Gedling Station

Great Northern Railway 1874

Railway stations are one of Britain’s best loved and most nostalgic buildings, be they great or small. It seems rather odd, therefore, that for decades so many rural railway stations have been neglected and overlooked as seems the case here in Gedling.

Image comparing view of Gedling station platform when it was in use with the same view shortly after its closure

Why, we might ask, was this lovely old station never listed? And indeed, why has it been so poorly maintained since its closure? Why is it languishing in such a sorry state of oblivion? While questions like this remain largely unanswered thankfully Gedling Station remains largely unaltered, whilst most others of its genre have been lost forever… usually when alternative uses have not been fully or extensively explored by their owners.

All is not lost here in Gedling, however, as the future of this attractive and historically important old building will surely be preserved and enjoyed for many years to come. The significant rise in interest in old railway stations and their attractive architecture (often reflecting the distinctive design features of individual railway companies) has certainly been fuelled by the emergence of our successful heritage Railways.

This has led to a renaissance for the historic railway station and has nurtured a new appreciation of the aesthetic virtues and regeneration potential of imaginative station architecture.

View of the front of Gedling station from Shearing Hill

Even where an historic old railway station is not part of a working Heritage Railway it can still form part of an active and vibrant local community. Even more so if it is located near to footpaths or cycle ways that utilise the former track bed of the railway it once so faithfully served. Gedling Station certainly fits the bill in this respect.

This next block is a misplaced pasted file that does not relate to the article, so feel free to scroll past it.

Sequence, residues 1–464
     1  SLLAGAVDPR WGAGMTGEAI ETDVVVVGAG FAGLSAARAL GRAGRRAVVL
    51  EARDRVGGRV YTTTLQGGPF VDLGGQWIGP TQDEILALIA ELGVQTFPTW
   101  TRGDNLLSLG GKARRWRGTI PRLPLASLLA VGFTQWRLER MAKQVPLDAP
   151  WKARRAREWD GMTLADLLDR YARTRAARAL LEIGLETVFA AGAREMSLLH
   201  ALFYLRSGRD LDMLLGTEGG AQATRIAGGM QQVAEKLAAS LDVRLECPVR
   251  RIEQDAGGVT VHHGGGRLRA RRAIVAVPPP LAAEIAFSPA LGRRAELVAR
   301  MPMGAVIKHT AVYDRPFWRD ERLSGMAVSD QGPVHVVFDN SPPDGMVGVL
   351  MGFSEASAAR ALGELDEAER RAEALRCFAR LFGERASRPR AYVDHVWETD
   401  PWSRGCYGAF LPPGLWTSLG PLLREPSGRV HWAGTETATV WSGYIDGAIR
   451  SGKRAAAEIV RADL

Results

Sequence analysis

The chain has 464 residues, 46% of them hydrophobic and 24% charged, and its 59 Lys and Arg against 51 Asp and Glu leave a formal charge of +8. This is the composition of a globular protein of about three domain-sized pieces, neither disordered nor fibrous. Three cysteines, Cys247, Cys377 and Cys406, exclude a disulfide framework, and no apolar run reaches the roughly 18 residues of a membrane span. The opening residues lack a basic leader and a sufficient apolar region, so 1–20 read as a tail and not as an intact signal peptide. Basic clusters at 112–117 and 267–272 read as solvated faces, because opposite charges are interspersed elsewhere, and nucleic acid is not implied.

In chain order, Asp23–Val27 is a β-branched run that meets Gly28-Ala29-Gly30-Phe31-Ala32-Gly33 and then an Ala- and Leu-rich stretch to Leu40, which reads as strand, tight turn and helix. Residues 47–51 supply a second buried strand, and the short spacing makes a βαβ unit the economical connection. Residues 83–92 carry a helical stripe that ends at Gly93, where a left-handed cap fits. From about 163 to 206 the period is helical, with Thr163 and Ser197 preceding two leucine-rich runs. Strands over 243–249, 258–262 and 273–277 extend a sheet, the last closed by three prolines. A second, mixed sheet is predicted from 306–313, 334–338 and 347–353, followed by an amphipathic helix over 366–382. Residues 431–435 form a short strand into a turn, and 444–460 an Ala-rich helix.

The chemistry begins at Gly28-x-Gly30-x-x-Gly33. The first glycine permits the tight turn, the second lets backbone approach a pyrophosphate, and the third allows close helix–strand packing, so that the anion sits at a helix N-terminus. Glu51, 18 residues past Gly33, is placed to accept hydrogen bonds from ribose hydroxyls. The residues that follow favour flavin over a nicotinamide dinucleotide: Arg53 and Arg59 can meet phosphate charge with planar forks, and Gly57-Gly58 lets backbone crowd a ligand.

Gedling Station is possibly the best remaining example of a Victorian Great Northern Railway suburban branch line Railway Station in Nottinghamshire (if not the East Midlands). It is constructed in a distinctive style which fully reflects all the architectural features of the former Great Northern Railway.

Current view of the rear (platform side) of the station the other side of the disused railway line

Built of red brick (possibly Nottingham brick), it has the distinctive slate roof and tall chimney stacks along with blue brick decorative embellishment typical of the GNR. Most importantly it retains the trade mark decorated wooden barge boards to gable ends and windows that were a strong feature of GNR stations and signal boxes of this period. Internally it is remarkably well preserved with its original staircase and minimal alteration to room layout.

Daybrook Station (closed 1964) which was further down the line and sadly now demolished, was a carbon copy of Gedling.


The Back Line, as it was commonly known, was built by the Great Northern Railway (later LNER) in 1874, initially as a goods line until passenger services commenced in 1876. The line ran from Nottingham London Road through Netherfield and Colwick via Gedling and Daybrook to Egginton Junction and onwards to Derby Friar Gate (by 1878) or the Leen Valley Line to Pinxton and coalfields beyond.

The line was built during the heyday of the Great Northern Railway Company when it was prosperous and looking to expand into the Nottinghamshire, Staffordshire and South Derbyshire coalfields. The line became extremely busy following the opening of Gedling Colliery in 1898. Trains carrying Gedling colliers stopped near to the station at a special platform where ‘elderey coaches’ known as ‘Paddy Mails’ carried miners to and from work three times each day during shift changes.

In summer (until its closure in 1960) the line was often used for excursions to Skegness for residents of Gedling. Trains would often start out in the heart of other mining communities along the Leen Valley Line such as Pinxton and Pleasley picking up passengers along the line before steaming off towards the East Coast. These trips are still fondly remembered by many Gedling folk to this day.